published: 5th April 2022
Marriage isn’t always smooth sailing
Lady Emily Turner should really be married by now, but with a dowry of her father’s debts, her only suitor is the odious owner of her father’s favourite gambling house.
Lord Julian Belfry is the second son of a marquess, but has managed to scandalise polite society with his acting career and the fact that he owns a less than salubrious theatre.
Crossing paths at a house party, they discover that a marriage of convenience might benefit them both: Emily can use her society connections to add some respectability to Julian’s theatre, while also managing to escape the dubious world of her father.
With differing ideas on the roles each will play in their marriage, and an on-the-run actress, a murderous kitten, and some meddlesome friends adding to the complications, Emily and Julian will have to confront the fact that their marriage of convenience might be leading to some rather inconvenient feelings.
Galley provided by publisher
To Marry and to Meddle is a solid romance read. I enjoyed it, without particularly loving it, but I think that’s me, rather than the book.
Because, really, there’s a lot to like here. As with her other books, Martha Waters produces a sweet and funny romance, with characters who leap off the page, characters you root for and want to be together. It’s a whole lot of fun and I couldn’t really say why I didn’t fully love this one. All I can point to is that I’ve read a lot of historical romances since I read (and adored) the first book in this series, and perhaps my tastes have changed since? Who knows.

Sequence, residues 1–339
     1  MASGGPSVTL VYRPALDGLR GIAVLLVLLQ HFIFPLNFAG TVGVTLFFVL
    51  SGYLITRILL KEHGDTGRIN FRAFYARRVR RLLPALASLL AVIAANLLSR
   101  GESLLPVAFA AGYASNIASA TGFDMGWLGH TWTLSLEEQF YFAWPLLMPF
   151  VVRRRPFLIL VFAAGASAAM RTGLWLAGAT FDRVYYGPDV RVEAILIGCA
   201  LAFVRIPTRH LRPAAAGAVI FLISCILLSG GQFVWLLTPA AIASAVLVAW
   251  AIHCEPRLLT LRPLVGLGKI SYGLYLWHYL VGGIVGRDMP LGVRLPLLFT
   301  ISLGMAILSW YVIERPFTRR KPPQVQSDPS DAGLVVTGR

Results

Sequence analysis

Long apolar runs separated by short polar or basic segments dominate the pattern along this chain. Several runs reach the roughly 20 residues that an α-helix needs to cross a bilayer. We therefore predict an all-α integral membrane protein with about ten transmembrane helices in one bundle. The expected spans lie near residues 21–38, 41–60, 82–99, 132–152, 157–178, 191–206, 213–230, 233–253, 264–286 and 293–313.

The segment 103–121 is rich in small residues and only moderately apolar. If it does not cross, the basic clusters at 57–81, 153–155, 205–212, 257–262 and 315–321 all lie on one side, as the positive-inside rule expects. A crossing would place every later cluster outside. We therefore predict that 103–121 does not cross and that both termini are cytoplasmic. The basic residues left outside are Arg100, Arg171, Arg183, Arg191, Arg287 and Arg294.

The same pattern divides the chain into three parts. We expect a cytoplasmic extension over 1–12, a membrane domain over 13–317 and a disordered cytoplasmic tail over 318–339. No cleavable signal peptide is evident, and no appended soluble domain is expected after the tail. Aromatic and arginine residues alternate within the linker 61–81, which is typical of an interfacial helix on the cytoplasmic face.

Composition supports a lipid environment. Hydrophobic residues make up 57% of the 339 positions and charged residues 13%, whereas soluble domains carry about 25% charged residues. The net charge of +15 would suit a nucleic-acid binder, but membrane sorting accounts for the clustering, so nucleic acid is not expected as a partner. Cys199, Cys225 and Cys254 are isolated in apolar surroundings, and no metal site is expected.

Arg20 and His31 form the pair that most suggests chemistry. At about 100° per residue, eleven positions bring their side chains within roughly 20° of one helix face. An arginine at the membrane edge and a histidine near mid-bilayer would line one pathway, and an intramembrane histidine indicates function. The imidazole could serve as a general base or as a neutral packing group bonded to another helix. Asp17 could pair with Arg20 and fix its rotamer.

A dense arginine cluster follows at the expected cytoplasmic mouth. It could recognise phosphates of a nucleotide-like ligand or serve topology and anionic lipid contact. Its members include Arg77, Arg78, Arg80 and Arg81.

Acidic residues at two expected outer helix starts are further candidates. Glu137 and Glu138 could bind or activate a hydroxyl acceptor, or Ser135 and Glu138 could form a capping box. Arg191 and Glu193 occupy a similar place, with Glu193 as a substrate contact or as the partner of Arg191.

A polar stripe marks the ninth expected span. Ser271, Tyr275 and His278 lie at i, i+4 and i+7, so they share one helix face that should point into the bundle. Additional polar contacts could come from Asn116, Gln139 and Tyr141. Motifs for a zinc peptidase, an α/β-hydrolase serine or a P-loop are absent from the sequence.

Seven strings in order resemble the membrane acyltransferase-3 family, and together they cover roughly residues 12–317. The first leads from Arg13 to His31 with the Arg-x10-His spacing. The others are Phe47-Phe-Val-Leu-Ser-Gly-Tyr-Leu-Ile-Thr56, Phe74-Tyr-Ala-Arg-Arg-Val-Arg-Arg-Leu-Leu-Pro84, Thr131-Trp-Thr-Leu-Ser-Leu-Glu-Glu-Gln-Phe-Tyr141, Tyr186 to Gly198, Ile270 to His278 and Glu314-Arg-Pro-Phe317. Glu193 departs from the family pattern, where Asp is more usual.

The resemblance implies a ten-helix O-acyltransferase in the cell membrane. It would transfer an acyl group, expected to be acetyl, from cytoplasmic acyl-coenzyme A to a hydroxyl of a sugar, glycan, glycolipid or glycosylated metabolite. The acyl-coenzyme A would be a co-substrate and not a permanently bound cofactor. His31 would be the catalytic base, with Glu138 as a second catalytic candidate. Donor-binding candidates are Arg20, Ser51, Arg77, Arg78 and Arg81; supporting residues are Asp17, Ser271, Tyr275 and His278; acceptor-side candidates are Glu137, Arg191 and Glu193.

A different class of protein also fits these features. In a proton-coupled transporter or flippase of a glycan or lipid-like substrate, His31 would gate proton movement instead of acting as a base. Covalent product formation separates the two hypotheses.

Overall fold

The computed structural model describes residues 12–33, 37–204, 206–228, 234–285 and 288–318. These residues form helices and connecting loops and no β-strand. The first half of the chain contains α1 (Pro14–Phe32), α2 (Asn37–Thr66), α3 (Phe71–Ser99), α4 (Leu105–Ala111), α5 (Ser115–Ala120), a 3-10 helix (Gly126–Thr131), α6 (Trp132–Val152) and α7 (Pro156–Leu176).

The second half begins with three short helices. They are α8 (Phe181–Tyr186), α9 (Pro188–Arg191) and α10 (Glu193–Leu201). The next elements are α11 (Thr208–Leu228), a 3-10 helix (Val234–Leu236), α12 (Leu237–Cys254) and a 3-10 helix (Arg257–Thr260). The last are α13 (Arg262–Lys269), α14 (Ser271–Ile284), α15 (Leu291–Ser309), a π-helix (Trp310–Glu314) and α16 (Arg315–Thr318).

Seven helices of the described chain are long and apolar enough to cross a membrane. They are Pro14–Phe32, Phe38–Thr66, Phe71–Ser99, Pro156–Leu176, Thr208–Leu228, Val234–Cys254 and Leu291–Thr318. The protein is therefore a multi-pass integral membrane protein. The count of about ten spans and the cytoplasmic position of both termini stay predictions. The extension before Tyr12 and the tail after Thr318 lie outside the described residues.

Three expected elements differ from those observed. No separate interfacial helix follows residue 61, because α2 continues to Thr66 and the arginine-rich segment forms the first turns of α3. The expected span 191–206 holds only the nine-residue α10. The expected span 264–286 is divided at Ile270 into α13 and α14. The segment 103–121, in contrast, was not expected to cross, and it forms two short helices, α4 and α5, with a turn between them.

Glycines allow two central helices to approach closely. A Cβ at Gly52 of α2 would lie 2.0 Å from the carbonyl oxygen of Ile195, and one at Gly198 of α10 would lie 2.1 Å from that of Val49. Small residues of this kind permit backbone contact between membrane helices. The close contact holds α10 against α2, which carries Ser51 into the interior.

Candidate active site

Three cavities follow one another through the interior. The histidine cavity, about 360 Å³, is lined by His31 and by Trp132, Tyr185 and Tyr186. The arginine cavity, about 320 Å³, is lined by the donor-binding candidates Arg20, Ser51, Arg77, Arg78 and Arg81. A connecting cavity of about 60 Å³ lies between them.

Here’s why you should ignore me and read it!
Firstly, a romance is only as good as its characters and relationship and both were top-notch here. I especially loved how Emily got to shine on the page, when the previous two books she had been not much more than a bit-part character. She was a sympathetic and witty character and possibly one of my favourite romance mains. She’s complemented too by Julian who, I have to admit, wasn’t my favourite, but he was perfectly readable. Perhaps I’ve just read too many books where the men try force the women into roles they think they should have. So it wasn’t a good look from him, but thankfully he came to his senses.
I also really enjoyed the background characters, and seeing them after their own books (or before, if we’re talking Sophie and West – or at least I hope so). Possibly my favourite part of romance series is getting to see old main characters make appearances on page after their story is over. (Though I will admit I found it very helpful that Martha Waters introduced them all again by their title then an explanation of who exactly they were because I had clean forgot.)
Finally, I appreciated that there wasn’t any miscommunication in this book. Unlike the previous two (granted, the first of those entirely rested on miscommunication, I found in the second, the angst felt contrived because of it). However, it did lend it a lack of tension, towards the end. It only felt like the story was leading to an ‘I love you’, which isn’t necessarily bad, but it meant it lost any suspense it had.
But, if you enjoyed the previous two books in this series, I can guarantee you will also like this one. It has all the hallmarks of Martha Waters’ works and is a perfectly enjoyable read.